Last year, I had written a somewhat scathing review of the 2010 Medal of Honor reboot, which took the legacy of a long-standing WWII FPS franchise and basically ruined it by being a Call of Duty 4: Modern Warfare copycat. You can check that post out here. At the end of that post, I had hinted towards a game that I had said was just as close to the original Medal of Honor games.

Okay, it’s a bit of a stretch, but it is a World War II FPS, and surprisingly a decent one at that.

Enemy Front was a shooter released in 2014 for various platforms, including PC. Released by CI Games, it was a fairly unknown budget shooter in an era where those kind of shooters were slowly disappearing due to the drought of retail games as well as the prevalence of Steam making it a newer (and cheaper!) haven for the cheap schlock of the past.

I had heard of it thanks to a certain YouTube personality. Ahoy – later a maker of wonderful flashy documentaries about Doom, Half-Life, the Amiga, and many others – had done a video chronicling the arsenal of Enemy Front. He had done similar videos before for Call of Duty and other franchises, and would later be revised to an all-purpose format with his Iconic Arms series of videos. I’m still waiting for the new season of Iconic Arms, just to see what games he uses as an example for the weapon he’s talking about.

Though, it wasn’t just a British YouTube personality talking about a budget polish-developed FPS’s weaponry that got me to snag Enemy Front. It was also dirt cheap on a Steam sale. All it takes is something to be under $5 and you’ve caught my interest almost immediately.

Broadcasting your war diaries doesn’t sound like a good idea to me.

Enough preamble. Let’s get to the meat and actually talk about Enemy Front proper. You play as American journalist Robert Hawkins as he reports the stories of a resistance front all around Europe. Later joining with resistance fighters, Hawkins must stop the Nazi menace in various locales around Europe, including during the Warsaw Uprising. A fair share of the game takes place around that Polish conflict. It’s fitting, considering developer/publisher CI Games is based in Warsaw, Poland.

Human shields are a good way to be threatening. Until they realize you just grabbed some expendable low-ranking goon.

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Homefront and its ugly product placement.

Over the years I’ve written about games, I end up writing about games from a certain genre, and that’s first-person shooters. It’s my genre of choice, with enjoyable action romps like Doom and Quake to more cinematic experiences like Call of Duty 4: Modern Warfare. Though for every Call of Duty, there’s a clunker of a single player experience, such as Homefront, which I replayed recently.

I tried to play this earlier this year, but then the US-Korean conflict was fresh in my mind and felt like in bad taste.
Christ, 2018 feels like it’s been ten years long.

Homefront is a game developed Kaos Studios, a development team consisting of people who made the popular Desert Combat mod for Battlefield 1942 way back when, were the ones working on this infamous game.Backed by THQ’s ambitious marketing campaign, the game had the chance to be something really, really interesting. Except it wasn’t.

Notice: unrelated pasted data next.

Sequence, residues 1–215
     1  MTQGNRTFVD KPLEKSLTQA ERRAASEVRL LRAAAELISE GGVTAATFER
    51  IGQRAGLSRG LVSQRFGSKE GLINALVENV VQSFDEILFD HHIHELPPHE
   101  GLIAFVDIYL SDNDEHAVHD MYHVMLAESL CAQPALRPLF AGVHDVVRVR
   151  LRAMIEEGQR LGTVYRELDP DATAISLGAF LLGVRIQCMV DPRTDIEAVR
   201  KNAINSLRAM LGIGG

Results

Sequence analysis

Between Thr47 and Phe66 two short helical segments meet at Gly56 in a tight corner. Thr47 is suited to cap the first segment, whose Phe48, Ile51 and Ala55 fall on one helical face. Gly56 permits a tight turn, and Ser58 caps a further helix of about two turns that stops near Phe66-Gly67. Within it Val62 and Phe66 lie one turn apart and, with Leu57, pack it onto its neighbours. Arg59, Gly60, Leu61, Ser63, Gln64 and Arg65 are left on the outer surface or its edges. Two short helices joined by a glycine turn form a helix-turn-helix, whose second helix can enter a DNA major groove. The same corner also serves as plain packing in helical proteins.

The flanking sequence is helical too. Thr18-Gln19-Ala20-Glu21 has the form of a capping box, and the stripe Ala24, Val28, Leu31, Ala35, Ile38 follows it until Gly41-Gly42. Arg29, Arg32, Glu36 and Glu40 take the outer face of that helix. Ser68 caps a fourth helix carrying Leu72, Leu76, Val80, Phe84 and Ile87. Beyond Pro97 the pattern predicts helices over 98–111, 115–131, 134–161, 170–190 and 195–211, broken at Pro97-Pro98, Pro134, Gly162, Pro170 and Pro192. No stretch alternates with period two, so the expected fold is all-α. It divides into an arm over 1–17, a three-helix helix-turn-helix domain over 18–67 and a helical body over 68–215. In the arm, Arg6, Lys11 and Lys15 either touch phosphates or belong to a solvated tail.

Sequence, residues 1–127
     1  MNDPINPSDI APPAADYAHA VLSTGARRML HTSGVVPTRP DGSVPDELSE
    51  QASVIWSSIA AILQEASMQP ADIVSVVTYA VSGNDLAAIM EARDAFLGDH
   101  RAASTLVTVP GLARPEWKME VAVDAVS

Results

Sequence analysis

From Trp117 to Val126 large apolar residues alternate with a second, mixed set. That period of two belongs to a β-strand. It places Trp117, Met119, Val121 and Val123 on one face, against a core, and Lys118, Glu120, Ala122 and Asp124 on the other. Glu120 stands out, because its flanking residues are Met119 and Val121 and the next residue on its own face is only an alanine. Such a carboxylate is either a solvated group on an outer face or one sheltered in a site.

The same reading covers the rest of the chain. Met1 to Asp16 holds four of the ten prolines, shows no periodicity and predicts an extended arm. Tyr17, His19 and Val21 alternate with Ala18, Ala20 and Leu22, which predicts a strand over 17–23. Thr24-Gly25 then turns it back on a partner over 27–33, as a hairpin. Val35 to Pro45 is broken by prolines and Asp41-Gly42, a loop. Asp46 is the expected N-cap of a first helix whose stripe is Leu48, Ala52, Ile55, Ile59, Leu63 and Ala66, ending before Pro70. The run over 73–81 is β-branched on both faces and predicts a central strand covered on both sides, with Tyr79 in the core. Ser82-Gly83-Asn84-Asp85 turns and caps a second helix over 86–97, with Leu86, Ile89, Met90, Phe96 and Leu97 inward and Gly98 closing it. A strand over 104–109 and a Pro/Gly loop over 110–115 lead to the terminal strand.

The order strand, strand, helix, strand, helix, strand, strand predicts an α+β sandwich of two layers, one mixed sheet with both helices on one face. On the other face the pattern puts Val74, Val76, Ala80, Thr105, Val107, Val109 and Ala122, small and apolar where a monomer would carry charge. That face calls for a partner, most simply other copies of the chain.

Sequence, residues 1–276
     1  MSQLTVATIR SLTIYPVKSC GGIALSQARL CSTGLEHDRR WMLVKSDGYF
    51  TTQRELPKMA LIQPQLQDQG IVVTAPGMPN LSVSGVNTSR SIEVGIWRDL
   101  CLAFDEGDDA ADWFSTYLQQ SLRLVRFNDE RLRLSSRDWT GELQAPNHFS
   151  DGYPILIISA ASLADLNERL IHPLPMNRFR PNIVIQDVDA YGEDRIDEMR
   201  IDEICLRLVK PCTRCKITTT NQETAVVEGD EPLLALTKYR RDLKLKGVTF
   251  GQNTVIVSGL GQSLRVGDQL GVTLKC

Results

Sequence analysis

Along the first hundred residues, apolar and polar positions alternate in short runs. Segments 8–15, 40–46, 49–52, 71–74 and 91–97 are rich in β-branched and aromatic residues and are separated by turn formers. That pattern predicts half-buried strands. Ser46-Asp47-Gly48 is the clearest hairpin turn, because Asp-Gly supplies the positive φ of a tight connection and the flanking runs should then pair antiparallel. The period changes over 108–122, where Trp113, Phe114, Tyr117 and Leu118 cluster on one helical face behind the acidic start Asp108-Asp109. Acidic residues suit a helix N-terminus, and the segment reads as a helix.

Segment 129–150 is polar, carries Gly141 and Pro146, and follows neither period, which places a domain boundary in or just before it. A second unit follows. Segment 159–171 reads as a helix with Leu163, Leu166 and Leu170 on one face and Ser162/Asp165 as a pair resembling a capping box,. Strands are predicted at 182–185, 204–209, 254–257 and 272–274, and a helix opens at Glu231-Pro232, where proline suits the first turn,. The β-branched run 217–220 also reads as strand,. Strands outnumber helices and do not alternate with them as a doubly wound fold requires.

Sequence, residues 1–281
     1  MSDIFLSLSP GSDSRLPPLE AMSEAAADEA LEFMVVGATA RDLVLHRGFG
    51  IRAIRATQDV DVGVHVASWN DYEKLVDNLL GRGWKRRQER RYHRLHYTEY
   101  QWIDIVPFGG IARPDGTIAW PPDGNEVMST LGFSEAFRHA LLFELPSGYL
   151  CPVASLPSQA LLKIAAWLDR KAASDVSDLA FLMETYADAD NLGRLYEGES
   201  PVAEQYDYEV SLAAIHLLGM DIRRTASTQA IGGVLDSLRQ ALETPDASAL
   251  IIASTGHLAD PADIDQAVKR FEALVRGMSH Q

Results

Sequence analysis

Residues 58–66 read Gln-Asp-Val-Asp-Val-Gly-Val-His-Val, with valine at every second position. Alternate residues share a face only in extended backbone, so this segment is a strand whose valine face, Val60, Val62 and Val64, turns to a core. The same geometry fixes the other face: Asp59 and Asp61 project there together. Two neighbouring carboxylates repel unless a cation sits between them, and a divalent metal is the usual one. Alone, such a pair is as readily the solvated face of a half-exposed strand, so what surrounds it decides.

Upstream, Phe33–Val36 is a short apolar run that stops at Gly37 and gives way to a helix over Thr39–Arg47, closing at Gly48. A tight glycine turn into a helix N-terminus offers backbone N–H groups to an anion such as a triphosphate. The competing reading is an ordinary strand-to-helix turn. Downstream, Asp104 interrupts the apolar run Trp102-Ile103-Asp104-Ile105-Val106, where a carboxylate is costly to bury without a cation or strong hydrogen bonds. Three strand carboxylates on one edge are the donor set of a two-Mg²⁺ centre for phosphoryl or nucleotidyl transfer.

Prior to Homefront, Kaos Studios only made one game: the middling Battlefield clone Frontlines: Fuel of War. After the lukewarm reception that game got, they soon were hard to work on a spiritual successor in Homefront. According to a retrospective over at Polygon, the game was meant to be strictly a multiplayer-only experience – which makes sense, considering the developer’s pedigree – but executive meddling caused a shift in marketing to add a traditional single player campaign, causing it to drown out the carefully crafted multiplayer they had made.

It’s hard to tell in this screenshot, but Connor here kept running in place, stuck on a rock.
I had to restart the checkpoint to fix it.

I decided to replay this, on PC this time – my previous experience was through the streaming OnLive service around 2012 or so – and it hasn’t gotten any better. If anything, it’s much worse than I remember.

All Ghillied Up this ain’t.

Homefront’s single player campaign checks off every single thing Call of Duty did, but somewhat worse: there’s a section where you kick open a door and shoot everybody in slow motion like in Modern Warfare 2, a portion of a stage where you’re picking off enemies as a sniper as you infiltrate an enemy camp ala “All Ghillied Up” from Call of Duty 4, even a section at the very end has you using a CUAV drone to pick off targets on the Golden Gate Bridge much like a section in Modern Warfare 2.

It feels like someone up top at THQ said to Kaos, “Hey! Remember that thing that Call of Duty did? Do that!” and did so without having a say in the matter. A shame, really.

But that’s not what I’m here to write about. I’m here to write about the game’s product placement.

This screenshot, from Remedy’s Alan Wake, features product placement from Energizer, slightly breaking the immersion.